Gadhafi gone

Gadhafi gone

With Libya’s capital Tripoli falling to Nato-backed rebels, Muammar Gadhafi’s 42-year-rule has ended. Gadhafi ruled Libya with an iron hand. So weak was political opposition to his rule – he had ruthlessly suppressed it for decades – that few would have believed even a year ago that the Libyan strongman could be shaken let alone overthrown. But the ousting of dictators in Tunisia and Egypt changed that.

Suddenly it seemed that even the most entrenched of dictators could be removed from power. Libya’s opposition unlike that in Egypt was able to draw on robust western help. Nato backed it vigorously by supplying them with weapons. It also bombed military installations to weaken Gadhafi and bombarded cities to facilitate the advance of rebels. Forces loyal to Gadhafi put up a strong fight but in the end could do little in the face of Nato’s superior fire power.

The ‘king of kings of Africa’ as Gadhafi liked to be called is no more Libya’s strongman. However, it would be premature to write him off.  Rebel claims appear rather overstated. They said they had Gadhafi’s son Saif-ul Islam in their custody but the latter surfaced before the international media in Tripoli on Monday.

Besides, while it is true that Tripoli fell to the rebels without much resistance from Gadhafi’s forces, the latter may have retreated rather than been routed. This means they could have melted away only to strike again later. It is possible therefore that the scenario unfolding in Libya is similar to the one that emerged in Iraq after the fall of Baghdad in 2003. Post-Gadhafi Libya could be convulsed in violence. Thanks to militarisation of the country and now Nato’s generous supply of arms to the rebels, Libya is awash with weaponry.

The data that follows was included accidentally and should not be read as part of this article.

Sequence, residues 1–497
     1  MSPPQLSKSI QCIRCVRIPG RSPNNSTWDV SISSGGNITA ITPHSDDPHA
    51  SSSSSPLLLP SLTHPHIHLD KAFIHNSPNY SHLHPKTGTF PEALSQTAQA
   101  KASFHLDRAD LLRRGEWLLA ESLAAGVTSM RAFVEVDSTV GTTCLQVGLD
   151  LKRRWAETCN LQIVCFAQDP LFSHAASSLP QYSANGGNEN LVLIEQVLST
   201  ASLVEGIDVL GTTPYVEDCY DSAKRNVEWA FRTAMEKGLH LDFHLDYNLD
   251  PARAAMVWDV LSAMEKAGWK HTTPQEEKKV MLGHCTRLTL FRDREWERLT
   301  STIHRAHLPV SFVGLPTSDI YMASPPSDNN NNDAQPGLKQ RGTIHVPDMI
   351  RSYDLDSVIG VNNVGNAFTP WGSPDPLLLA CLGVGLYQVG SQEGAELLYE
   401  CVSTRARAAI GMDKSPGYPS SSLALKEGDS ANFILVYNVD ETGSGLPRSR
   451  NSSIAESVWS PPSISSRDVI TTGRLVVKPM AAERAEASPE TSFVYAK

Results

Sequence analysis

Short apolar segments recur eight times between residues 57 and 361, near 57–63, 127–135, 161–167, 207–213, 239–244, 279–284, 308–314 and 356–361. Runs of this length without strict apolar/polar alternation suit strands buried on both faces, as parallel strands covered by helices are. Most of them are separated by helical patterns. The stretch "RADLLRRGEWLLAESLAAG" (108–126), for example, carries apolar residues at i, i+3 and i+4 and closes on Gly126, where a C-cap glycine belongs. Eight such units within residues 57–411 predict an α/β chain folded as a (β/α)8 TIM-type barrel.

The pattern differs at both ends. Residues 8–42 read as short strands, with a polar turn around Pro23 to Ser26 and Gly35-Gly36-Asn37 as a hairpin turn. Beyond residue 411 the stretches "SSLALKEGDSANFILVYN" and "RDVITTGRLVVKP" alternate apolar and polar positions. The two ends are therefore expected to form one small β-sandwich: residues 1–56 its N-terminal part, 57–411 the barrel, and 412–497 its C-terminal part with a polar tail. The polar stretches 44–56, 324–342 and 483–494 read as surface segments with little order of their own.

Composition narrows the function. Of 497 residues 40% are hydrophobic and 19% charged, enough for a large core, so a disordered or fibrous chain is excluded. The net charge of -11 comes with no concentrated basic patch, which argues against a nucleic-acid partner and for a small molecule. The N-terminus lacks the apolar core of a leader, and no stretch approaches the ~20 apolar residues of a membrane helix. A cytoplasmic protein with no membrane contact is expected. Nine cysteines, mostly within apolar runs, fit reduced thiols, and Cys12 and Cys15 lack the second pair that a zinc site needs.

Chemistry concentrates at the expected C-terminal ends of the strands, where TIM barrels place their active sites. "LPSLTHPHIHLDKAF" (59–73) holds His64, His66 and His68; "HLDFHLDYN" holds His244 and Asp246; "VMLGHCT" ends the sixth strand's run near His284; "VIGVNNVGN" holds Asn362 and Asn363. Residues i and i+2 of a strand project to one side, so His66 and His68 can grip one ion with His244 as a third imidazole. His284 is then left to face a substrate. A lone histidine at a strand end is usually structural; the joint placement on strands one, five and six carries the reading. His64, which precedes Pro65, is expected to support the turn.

With Gadhafi gone, the unifying goal of ousting him that held rebels together hitherto too has gone. They can be expected to begin fighting among themselves. The main group, the National Transitional Council, which was last month recognised by Britain, France and the US as the legitimate representative body of the Libyan people, has said it will establish a new democratic government. Its tasks are not easy. It will have to act quickly not only to establish control over the levers of power but also improve the lives of ordinary Libyans.

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